In many cases, US companies are not up for the challenge. In a recent study, real-time monitoring firm Endace found that almost 90% of surveyed firms did not have good visibility into network activity. 

Iran's Skilled Attackers
Iran's cyber capability is significant. Its 2012 attack against Saudi Arabia's state-owned oil company Saudi Aramco resulted in the destruction of data on tens of thousands of hard drives. More recently, attacks against oil and gas companies and electric utilities that targeted a specific type of safety system has also been linked to Iranian actors.  

FireEye has attributed multiple attacks against large companies to Iranian cyberattackers, including one it has been tracking for more than four years. The group — labeled "APT39" by FireEye, Helix Kitten by CrowdStrike, and Chafer by Symantec — has targeted telecommunications, travel, and technology firms.

"Iran certainly has gotten into lots of US companies," FireEye's Read says. "I know because we have responded to incidents and had to kick them out."

In the "Worldwide Threat Assessment of the U.S. Intelligence Community," an annual report delivered to the US Congress, director of national intelligence Daniel Coats warned that Iran's cyber capabilities pose an increasing threat to US companies.

"Iran uses increasingly sophisticated cyber techniques to conduct espionage," he stated. "It is also attempting to deploy cyberattack capabilities that would enable attacks against critical infrastructure in the United States and allied countries."

He added: "[Iran] is capable of causing localized, temporary disruptive effects — such as disrupting a large company's corporate networks for days to weeks — similar to its data deletion attacks against dozens of Saudi governmental and private-sector networks in late 2016 and early 2017."

Back to Basics
Security experts stress that companies need to do the basics well. The US Department of Homeland Security prodded firms to deploy multifactor authentication to stymie account takeovers and urged firms to work on speeding up their incident response.

FireEye's Read also recommends that companies make sure they are doing the basics consistently.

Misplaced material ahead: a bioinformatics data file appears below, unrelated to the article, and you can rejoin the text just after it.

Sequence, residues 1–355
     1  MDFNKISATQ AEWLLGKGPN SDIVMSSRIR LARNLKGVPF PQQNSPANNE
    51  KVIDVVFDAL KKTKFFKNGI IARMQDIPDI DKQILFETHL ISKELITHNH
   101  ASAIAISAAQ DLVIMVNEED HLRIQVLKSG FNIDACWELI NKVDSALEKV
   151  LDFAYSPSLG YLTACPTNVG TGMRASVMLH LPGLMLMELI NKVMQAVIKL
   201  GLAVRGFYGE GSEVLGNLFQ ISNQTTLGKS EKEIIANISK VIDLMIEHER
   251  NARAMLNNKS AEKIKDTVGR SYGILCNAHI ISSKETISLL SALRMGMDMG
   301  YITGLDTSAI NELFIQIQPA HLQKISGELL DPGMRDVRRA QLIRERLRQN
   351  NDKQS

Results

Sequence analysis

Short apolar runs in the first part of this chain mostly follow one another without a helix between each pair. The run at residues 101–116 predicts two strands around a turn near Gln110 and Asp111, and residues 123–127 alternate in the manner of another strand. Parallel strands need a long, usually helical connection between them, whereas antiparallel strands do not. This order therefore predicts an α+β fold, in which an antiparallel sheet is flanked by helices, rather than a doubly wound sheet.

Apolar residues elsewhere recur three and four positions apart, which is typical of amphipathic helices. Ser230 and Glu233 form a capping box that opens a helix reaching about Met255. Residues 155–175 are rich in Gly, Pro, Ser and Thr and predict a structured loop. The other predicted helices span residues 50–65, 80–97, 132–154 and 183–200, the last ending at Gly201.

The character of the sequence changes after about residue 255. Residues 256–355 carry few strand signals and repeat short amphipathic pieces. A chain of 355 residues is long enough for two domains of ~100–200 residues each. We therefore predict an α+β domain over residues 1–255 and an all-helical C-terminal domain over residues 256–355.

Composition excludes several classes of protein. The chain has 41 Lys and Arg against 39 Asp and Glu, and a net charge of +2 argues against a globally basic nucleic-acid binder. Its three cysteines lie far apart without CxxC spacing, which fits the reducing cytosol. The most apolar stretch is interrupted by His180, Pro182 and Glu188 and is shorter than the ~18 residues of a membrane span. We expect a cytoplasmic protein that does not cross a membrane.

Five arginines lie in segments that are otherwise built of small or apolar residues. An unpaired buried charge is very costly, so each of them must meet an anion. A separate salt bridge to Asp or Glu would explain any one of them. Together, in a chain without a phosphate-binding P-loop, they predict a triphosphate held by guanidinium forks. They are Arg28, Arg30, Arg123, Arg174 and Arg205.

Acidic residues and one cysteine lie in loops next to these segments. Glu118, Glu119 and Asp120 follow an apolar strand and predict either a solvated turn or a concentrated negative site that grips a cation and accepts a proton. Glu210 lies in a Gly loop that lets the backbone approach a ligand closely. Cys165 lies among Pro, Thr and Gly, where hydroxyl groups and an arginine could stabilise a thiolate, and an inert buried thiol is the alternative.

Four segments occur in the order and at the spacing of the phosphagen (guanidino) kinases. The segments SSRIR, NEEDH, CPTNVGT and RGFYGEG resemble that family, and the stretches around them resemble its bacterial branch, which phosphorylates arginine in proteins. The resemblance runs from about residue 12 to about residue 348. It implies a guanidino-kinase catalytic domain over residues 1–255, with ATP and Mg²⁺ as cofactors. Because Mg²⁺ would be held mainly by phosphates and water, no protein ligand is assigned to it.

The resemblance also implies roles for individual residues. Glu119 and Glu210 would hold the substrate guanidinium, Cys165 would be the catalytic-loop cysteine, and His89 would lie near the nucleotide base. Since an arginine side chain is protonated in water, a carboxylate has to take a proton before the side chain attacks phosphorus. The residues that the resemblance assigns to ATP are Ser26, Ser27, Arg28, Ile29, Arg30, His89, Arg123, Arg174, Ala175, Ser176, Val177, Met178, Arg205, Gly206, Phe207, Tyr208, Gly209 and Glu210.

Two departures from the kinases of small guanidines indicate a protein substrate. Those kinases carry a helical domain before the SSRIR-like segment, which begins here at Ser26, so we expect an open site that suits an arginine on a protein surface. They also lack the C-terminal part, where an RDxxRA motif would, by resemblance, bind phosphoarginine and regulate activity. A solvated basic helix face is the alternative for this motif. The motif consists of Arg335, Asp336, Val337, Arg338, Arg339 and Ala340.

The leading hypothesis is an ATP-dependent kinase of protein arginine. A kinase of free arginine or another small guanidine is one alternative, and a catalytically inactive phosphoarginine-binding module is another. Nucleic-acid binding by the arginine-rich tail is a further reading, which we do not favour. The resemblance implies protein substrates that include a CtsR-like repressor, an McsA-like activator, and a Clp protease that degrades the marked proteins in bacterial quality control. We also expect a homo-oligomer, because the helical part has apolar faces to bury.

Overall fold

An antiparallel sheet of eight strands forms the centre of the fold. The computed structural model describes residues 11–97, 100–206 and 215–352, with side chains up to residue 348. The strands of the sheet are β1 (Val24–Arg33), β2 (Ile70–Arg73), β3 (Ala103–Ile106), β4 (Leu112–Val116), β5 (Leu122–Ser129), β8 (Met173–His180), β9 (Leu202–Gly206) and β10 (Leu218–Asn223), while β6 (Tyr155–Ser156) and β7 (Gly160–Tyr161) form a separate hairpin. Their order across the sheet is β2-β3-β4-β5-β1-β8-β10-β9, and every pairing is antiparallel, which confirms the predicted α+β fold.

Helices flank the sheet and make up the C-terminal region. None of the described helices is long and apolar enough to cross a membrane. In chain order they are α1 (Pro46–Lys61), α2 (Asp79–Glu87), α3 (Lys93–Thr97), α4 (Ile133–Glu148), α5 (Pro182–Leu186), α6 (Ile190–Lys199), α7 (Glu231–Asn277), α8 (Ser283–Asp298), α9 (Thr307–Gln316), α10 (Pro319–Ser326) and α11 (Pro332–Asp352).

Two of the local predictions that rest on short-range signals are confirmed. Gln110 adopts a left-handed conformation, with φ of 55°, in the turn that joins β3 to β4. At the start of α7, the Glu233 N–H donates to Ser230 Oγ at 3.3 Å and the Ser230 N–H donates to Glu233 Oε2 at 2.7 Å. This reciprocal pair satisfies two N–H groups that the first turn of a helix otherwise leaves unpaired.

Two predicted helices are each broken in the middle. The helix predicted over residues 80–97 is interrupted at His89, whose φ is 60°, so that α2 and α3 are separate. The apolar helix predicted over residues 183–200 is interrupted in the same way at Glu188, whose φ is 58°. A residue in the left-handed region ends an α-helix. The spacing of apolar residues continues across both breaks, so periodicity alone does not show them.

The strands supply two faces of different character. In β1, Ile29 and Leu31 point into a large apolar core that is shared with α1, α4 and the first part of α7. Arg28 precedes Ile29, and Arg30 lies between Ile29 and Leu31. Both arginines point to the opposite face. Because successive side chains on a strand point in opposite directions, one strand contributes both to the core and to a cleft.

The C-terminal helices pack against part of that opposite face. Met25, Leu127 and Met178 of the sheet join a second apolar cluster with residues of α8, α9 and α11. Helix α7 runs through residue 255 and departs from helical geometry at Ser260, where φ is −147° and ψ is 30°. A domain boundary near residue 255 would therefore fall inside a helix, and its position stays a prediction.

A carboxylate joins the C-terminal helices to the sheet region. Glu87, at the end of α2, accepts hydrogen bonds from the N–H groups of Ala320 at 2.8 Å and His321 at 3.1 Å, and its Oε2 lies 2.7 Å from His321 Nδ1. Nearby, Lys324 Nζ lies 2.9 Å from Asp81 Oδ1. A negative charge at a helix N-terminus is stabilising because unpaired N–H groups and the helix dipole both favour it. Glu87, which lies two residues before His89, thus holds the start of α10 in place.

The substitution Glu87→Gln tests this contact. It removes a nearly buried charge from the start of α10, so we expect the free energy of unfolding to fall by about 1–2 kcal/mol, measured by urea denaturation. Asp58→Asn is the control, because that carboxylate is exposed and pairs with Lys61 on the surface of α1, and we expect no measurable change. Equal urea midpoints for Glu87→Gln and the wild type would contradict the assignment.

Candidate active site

"Doing the basics right is the most important thing for security," he says. "If you already are doing that, take it to the next level — look at the tactics of specific adversaries and make sure you can spot those in your own network."

In the end, while the US and Iran gear up for cyber operations, businesses will find themselves at the front lines.

Related Content


Veteran technology journalist of more than 20 years. Former research engineer. Written for more than two dozen publications, including CNET News.com, Dark Reading, MIT's Technology Review, Popular Science, and Wired News. Five awards for journalism, including Best Deadline ... View Full Bio

Comment  | 
Print  | 
More Insights
Newest First  |  Oldest First  |  Threaded View
User Rank: Ninja
6/27/2019 | 2:10:54 PM
US claims cyber-attacks.
Thank you for this well written post. I was reading some of the information submitted; this is a result of the attack on Iranian cubterfuges that occurred years ago (yeah, this came from us - Stuxnet). At this point, we will be held responsible for the covert actions of a government that has run rampant in their cyber-kill chain (literally).
"The US and Iran both view cybersecurity as a potential response option that offers lower risk than a kinetic or military strike," he said. "So we will continue to see more of this because it doesn't necessarily trigger an escalatory response from the other side."

I agree with this assertion, look at what we are doing (US):
  • Stuxnet - 2010, Triton, Nitro Zeus, and Pegasus/Trident.